The show was Runway 2, presented by marie claire, and the theme was ‘Power Woman’, with all female-designed looks, including Australian female designers like Lee Matthews, Oroton, Bassike, Anna Quan, Viktoria & Woods, Alemais and Nevenka.
Each model had two-to-three looks each, and we needed to do a dress rehearsal to make sure there was enough time to change in between looks, as well as to gauge what speed we’d have to walk to, to the music.
We did a few run-throughs. We were shown some simple choreography for the finale snake (when you all walk down the runway together), and we were coached on our speed and our eye-line (you’ve always got to look just above the model’s head in front of you, so you look focused, but relaxed). I had butterflies in my stomach as I realised that one of the outfits that Jana had chosen for me was the tight Anna Quan dress (the other was an Alemais kaftan). I was both excited and a bit nervous, TBH. Although I want to exude body positivity and represent the beauty of curves, it’s definitely the most exposed I’ve ever been on the runway, which was nerve-racking, being the only proper “plus-sized” model in the show.
Then, it was dinner time. We were given fruit cups. We all left — with our make-up on and our hair clipped down — and got sushi from across the road, and one of the girls’ sushi roll was yoinked out of her hand by a seagull. She screamed, and we had a collective moment of panic. Media were taking photos of us as we came back. It felt like a bit of a surreal moment; like something I might’ve daydreamed about once, but actually happening in real life.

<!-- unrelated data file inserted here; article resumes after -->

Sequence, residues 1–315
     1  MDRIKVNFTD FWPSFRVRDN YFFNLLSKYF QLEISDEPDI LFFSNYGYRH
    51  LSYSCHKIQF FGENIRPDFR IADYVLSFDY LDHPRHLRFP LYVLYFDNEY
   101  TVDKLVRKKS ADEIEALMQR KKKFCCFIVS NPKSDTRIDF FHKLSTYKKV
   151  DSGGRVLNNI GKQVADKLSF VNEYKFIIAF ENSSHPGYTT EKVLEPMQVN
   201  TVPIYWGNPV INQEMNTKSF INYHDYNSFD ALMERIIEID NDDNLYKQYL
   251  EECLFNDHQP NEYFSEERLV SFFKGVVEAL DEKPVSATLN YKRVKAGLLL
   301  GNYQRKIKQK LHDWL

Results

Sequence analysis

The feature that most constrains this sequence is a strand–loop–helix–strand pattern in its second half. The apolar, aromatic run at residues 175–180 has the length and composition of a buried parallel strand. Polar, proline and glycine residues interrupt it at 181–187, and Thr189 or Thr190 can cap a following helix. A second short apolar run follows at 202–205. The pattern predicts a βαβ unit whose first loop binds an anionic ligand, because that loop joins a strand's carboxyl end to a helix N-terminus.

As showtime neared, and we gathered backstage, the hair stylists and make-up artists went to work once more. Clouds of sweet-smelling hairspray formed above each model’s head, and the hairstylists tamed the fly-aways and revamped the volume. While someone was buckling up my black heel, someone else was touching up my lip gloss and someone else was rubbing moisturiser onto my legs and elbows. I wish I could take them everywhere with me.
Before I knew it, I was standing in line, ready to go on. The music was pumping, so loud and intoxicating that the floor was vibrating. Backstage photographers were taking my photo. “GO!” said the showrunner, looking directly at me. And there I went, strutting my juicy butt and boobs down the runway, in front of media and fashion lovers, in that tight Anna Quan dress and strappy heels.
I feel so powerful when I’m on the runway. I imagine that I’m walking down the street and everyone’s looking at me because I look ravishing. I turn my face on, I feel the beat and I strut it up. All the waiting, the lack of snacks and initial nerves are worth it, for that minute and a half on the runway.
I honestly never thought that being a model would feel so empowering. Having a relatively negative experience in the fashion industry as a teenager, I never thought I’d be here, many sizes bigger and representing size diversity on current Australian runways. I feel really proud of myself, but also of the industry and industry leaders, for getting us to this moment.
You can find all the MFF events and information here.